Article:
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City hosts summit on lead paint danger

Sandra Larson | 10/29/2014, 11:09 a.m.
With ninety percent of housing units in Boston were built before lead paint was banned, lead is a pervasive danger ...
A panel of fair housing experts discusses discriminatory ads posted by landlords seeking to deter families with children and avoid deleading. (l-r) Barbara Chandler of the Metropolitan Boston Housing Partnership; William Berman of Suffolk University Law School; John Smith, of the Fair Housing Center of Greater Boston; and Jamie Williamson of Massachusetts Commission Against Discrimination. Not shown: Nancy Schlacter of the Cambridge Human Rights Commission; (Banner photo)

“Information is power,” she said. “We need to educate people. If you ask about deleading and they say no, don’t just hang up.”

Politicians and the general public may be unwilling to push for stronger enforcement, finding small landlords sympathetic parties, as evidenced by the popular support for repealing rent control in 1994, a movement bolstered by ads featuring “mom and pop” landlords fretting about expenses.

Chandler expressed little patience with the homebuyer who acquires a triple-decker, counting on rental income to pay their mortgage, but does not treat it like the small business it really is, with rules and regulation that come along with business ownership.

“Sometimes landlords will say, ‘I’m a grandfather, and I’d really hate to endanger a tenant’s child,’” she said. “But if they really cared about children, they’d delead.”

As for solutions, panelists suggested a combination of enforcement, stronger laws and greater financial assistance to property owners who delead. Some myths about the costs and effort of deleading need to be dispelled as well.

“What people don’t understand is, it’s not a $30,000 job anymore. The average is less than $8,500,” Berman said. He noted that property owners in Boston can receive forgivable loans of $8,500 from the city. There are also a number of other grants and credits at the city, state and federal level for deleading.

Williamson supports adopting a law to require any housing rented to anybody to be lead-compliant. The law could allow some time, for instance a three-year phase-in, she said, and some financial incentives — but would have to be pushed hard to overcome political resistance.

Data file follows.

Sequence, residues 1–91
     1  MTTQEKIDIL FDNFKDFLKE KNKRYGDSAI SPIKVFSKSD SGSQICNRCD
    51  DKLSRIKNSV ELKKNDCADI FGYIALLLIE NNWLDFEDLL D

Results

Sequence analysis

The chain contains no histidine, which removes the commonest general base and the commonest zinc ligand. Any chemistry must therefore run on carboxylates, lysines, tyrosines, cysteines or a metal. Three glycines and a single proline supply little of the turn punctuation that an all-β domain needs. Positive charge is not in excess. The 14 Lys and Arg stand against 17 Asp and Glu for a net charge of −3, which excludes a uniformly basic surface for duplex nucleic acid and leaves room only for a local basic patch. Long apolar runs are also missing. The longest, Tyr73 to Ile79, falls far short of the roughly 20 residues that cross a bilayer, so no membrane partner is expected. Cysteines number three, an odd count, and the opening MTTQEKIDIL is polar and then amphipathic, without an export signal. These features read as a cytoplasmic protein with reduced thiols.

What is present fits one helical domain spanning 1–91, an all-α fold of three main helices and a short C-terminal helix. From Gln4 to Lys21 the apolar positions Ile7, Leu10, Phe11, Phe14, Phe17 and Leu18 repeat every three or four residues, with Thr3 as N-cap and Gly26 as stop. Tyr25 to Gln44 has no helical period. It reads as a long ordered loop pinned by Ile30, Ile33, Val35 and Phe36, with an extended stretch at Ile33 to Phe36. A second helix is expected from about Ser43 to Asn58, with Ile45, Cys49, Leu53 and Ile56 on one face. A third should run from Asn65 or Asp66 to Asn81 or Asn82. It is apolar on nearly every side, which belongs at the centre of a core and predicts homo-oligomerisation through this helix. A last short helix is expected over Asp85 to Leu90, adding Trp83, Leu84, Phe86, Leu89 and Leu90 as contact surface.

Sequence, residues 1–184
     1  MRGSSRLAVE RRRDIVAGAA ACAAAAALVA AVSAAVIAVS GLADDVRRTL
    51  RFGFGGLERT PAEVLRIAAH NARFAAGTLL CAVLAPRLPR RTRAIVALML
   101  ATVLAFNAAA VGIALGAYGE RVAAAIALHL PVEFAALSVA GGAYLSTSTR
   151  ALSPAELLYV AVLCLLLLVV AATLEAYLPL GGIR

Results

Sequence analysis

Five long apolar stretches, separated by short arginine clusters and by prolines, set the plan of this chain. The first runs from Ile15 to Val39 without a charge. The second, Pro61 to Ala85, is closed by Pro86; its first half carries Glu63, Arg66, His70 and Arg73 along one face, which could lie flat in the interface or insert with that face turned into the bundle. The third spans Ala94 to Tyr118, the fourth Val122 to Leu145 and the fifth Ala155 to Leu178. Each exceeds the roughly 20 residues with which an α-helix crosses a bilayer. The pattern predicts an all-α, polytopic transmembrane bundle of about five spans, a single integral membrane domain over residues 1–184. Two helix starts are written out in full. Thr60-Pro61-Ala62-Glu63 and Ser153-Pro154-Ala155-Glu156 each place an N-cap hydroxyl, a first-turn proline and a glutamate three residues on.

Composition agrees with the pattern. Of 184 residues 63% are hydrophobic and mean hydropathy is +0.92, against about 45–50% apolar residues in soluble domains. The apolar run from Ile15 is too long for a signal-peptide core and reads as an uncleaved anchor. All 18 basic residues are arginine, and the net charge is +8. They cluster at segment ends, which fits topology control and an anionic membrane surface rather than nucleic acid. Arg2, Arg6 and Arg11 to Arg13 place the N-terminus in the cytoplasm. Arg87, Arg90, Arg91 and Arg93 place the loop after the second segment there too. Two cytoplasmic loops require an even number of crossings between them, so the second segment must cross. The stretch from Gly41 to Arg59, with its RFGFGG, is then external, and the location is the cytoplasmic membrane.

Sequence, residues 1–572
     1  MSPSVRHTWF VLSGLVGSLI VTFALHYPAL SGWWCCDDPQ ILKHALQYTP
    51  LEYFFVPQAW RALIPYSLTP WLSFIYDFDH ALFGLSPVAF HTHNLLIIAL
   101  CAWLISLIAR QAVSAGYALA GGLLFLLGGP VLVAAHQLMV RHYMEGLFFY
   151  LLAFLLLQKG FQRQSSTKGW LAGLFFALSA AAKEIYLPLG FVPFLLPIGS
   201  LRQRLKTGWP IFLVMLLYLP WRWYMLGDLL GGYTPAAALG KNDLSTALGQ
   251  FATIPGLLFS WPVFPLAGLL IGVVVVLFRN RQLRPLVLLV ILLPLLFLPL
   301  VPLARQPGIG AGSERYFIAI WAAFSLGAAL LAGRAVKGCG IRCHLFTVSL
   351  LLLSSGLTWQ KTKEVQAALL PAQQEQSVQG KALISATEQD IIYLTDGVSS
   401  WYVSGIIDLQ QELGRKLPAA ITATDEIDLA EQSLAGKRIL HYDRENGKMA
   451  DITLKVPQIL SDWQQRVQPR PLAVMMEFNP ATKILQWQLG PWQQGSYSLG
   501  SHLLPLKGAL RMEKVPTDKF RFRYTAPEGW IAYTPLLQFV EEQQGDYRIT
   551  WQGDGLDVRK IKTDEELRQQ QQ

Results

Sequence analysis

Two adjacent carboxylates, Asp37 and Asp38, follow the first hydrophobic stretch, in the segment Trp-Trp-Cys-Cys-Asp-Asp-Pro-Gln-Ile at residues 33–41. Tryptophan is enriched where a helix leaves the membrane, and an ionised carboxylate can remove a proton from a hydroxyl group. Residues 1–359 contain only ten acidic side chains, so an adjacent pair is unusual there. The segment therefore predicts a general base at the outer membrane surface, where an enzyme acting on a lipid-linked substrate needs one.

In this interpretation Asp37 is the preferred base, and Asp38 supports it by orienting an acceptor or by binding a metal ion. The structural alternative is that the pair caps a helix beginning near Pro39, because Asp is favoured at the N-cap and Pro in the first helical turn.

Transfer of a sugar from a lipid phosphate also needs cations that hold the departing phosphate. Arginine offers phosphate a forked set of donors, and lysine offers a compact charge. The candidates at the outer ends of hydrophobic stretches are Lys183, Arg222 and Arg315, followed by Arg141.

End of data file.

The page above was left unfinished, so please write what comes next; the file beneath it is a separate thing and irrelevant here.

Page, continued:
“It’s a public health risk. I don’t know if you’ve seen what lead paint does to a child,” she said, adding, “As long as it’s only affecting the poor, it’s not going to be a priority. We have to make it a priority.”

The Walsh administration is introducing actions to reduce lead hazards in Boston. Mayor Martin Walsh made a brief speech at the lead summit and announced a five-point plan involving several city agencies. The plan includes deleading of 400 housing units over the next five years; educating 2500 at-risk residents on fair housing and lead awareness; conducting 325 lead inspections in high-risk units; training and licensing 500 contractors in lead safety during renovations; and training 250 homeowners in do-it-yourself moderate-risk deleading.

“We will use data to focus our efforts on most at-risk neighborhoods,” Walsh told the audience. “This issue is important for so many reasons. It’s an education issue, it’s a jobs issue, it’s an environmental justice issue, it’s also a health and housing issue. It affects our shared progress. So we need to have a hand in the solution.”

For information from the Boston Public Health Commission about lead poisoning prevention, see http://bit.ly/1wywseR. For information on grants available to help pay for deleading, see the Department of Neighborhood Development’s Lead Safe Boston brochure at http://bit.ly/1w7BTQD. To read about National Lead Poisoning Prevention Week, see http://www.cdc.gov/features/leadpoisoning.